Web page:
When we arrived at the facilities we met Ed Wilson, the PH who paired up with Cory for the next 7 days. Ed is a guy that is fun to be around, because he always has you laughing. But, make no mistake; Ed is a serious hunter. Ed is a well-respected PH, who has consistently taken some of the largest kudu and other animals in the Eastern Cape.

The Hunt

Kudu and GemsbuckOkay, on to the hunt! Our PH’s preferred that we start by sharing what animals were on the top of our wish list. I had asked Aaron for advice on this point, and he said the best safari experiences he’d had was when he didn’t fixate too much on one particular animal, but instead was more of an opportunistic hunter. He said that takes a lot of pressure off the PH’s and makes the whole experience more enjoyable for everyone. So we tried to take that perspective, but when pressed for the top animals, Cory and I both were hoping for a big, mature kudu as our #1, and gemsbuck as our #2. We ended up taking 7-8 animals each, but in our eyes, those were the most beautiful and iconic African plains animals, and if we were really honest we’d be disappointed if we didn’t return home with one of each.

The Locations

We hunted a full seven days, and over that time we hunted properties totaling over 100,000 acres. Some of that was low-fence, free range, and some was high fence. I was skeptical that a high fence hunt would be as sporting, but I didn’t understand how different those were in South Africa. Here in Texas, some high fence areas are less than 1,000 acres. But the smallest high fence area we hunted in South Africa was 25,000 acres, which is almost 40 square miles! So you may know there are trophy animals on the property, but good luck finding them!

We hunted from John X Safaris southern and northern concessions, stretching from the coastal region with its valley bushveld all the way to the Great Karoo with its mountains and plains. The terrain varied dramatically. I’m from west Texas, which is big country … but much of the areas we hunted were eerily familiar, with thorny brush and prickly pear cactus. We primarily used a spot and stalk approach, and glassed a lot of country every day. Most days consisted of starting fairly early, crawling in 4×4 vehicles along primitive ranch roads, and hopping out to walk ridgelines or hike through a valley to glass up into thick patches of cover.

The areas we hunted had at least 28 species of game on them, from plains animals to dangerous game like cape buffalo and leopard. One evening a few in our group heard the roars of a lion pride on an adjacent property. Even though all of those animals may coexist in an area, the hunting tactics and approach can vary dramatically depending on which you are after. It was intriguing to learn from the PH’s as we hunted different animals, and they told us about their ideal habitat, and feeding/movement patterns.

Most days we had a specific animal in mind, and we’d spend the majority of the day glassing and hunting that animal. But, our PH’s knew when it might be a waste of time to continue looking for one animal, and we’d switch to another for a couple of hours. For example, during the middle of a hot day, some animals will seek deep shade and stay put while some other plains animals are more acclimated to the heat and are more likely to still be moving. Or while we were glassing we might spot a mature animal that was further down on our wish list, but we might decide to audible and try to get in a position to take a shot.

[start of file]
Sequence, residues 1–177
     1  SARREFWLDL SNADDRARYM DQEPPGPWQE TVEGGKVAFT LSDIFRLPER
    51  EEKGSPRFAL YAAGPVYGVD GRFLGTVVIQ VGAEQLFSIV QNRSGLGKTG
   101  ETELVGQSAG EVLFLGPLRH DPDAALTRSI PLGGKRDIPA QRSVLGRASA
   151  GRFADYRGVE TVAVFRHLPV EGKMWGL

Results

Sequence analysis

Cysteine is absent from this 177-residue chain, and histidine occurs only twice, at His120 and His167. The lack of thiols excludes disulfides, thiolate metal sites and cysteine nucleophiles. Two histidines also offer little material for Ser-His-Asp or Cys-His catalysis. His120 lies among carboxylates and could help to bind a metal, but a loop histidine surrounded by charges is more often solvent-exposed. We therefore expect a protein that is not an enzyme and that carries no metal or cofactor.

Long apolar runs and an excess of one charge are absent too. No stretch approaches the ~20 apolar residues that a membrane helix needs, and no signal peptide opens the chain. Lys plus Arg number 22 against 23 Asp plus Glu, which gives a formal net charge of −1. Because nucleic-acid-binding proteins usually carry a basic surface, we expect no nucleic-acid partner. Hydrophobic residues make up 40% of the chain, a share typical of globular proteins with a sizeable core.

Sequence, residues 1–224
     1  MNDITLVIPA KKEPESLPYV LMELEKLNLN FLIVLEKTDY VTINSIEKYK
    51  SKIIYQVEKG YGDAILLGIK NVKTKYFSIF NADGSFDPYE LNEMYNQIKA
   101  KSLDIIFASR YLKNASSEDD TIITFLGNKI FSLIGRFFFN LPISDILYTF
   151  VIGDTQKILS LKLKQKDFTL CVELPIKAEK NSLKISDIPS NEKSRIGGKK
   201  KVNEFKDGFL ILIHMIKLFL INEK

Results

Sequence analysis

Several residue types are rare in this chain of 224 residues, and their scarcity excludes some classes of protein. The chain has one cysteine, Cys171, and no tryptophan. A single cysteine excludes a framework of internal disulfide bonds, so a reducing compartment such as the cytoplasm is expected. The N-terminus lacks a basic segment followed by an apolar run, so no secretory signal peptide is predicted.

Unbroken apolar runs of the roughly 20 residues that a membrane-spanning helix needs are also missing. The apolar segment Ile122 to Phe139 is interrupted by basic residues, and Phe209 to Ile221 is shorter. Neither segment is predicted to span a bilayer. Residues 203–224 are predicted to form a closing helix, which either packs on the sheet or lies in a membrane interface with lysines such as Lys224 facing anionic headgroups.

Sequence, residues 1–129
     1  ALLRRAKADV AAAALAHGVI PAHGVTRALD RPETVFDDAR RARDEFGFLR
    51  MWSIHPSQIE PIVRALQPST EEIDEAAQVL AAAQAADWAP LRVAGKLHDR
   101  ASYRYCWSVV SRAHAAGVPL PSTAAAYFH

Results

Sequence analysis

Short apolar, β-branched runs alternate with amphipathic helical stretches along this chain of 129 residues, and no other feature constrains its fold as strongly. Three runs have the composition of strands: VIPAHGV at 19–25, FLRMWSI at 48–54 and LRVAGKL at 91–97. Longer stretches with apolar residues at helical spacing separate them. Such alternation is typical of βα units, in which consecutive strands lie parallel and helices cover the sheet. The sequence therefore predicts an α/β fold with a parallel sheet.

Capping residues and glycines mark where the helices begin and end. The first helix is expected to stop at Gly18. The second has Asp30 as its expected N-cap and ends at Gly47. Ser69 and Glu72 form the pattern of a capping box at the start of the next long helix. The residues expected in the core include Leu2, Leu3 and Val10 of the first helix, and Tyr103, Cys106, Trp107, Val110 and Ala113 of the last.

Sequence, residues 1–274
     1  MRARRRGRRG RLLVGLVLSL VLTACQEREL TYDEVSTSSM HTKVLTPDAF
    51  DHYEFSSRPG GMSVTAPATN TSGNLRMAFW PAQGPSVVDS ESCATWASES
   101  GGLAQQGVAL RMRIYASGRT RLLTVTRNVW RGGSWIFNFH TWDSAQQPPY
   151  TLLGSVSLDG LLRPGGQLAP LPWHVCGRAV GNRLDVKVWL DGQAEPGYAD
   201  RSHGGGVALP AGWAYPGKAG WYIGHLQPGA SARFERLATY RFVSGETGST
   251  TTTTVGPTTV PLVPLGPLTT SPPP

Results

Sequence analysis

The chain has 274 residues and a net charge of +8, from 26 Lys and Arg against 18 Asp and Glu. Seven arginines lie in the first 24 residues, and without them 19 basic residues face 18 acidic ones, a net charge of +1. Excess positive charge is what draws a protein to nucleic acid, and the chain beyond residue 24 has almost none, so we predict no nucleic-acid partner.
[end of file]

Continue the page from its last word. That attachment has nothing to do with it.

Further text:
To give you an idea of what our day-to-day looked like, here is a summary timeline:

African Safari Timeline

This would become a book if I tried to tell you about each of the hunts, but I can tell you they were much tougher than I expected! My watch tracked my activity each day, and I ended up hiking over 50 miles! What’s obvious from the timeline is we spent the majority of our time looking for big kudu. While hunting kudu was time-consuming and very challenging, it turned out to be my all-time favorite hunt.

Kudu bulls are the most majestic animals I’ve ever seen, but they may also be the most elusive. Your best odds to out-smart an old bull is during the rut, but unfortunately that was in June … and we were there in October. I was told by a few veteran Africa hunters that the odds would be stacked against me, because the old bulls are often loners that time of year. Kudu blend perfectly into their surroundings. You may spot a group of them on a hillside grazing, but I found it almost impossible to spot a lone bull standing in the dappled shade of trees. Our PH’s knew mature kudu in October would be a tall order, but they were excited to join us for a challenging hunt.

Kudu in BrushAfter a few days, Cory & Ed, finally spotted a fully mature kudu. Ed got them in a great position, and Cory dropped it with one shot. But to show you how tough these animals are to spot, Cory snapped this photo of his kudu when he walked up to retrieve it. That’s hard to spot a few feet away, much less hundreds of yards away through binoculars! Like I said, kudu blend perfectly into their environment, which is a big part of what makes this such a challenging and rewarding hunt!

By the time we got to our 5th day hunting kudu, Stix and I had seen a lot of bulls. We had taken long looks at a couple of them, which were very close to being fully mature. Stix knew what the area had to offer, so I learned to trust his judgement as we passed on a few really good bulls in search of a great one. But after a few days of looking, we found ourselves mentioning the possibility of a “last day bull.” It was at that point that I knew for sure this was NOT a “canned hunt!”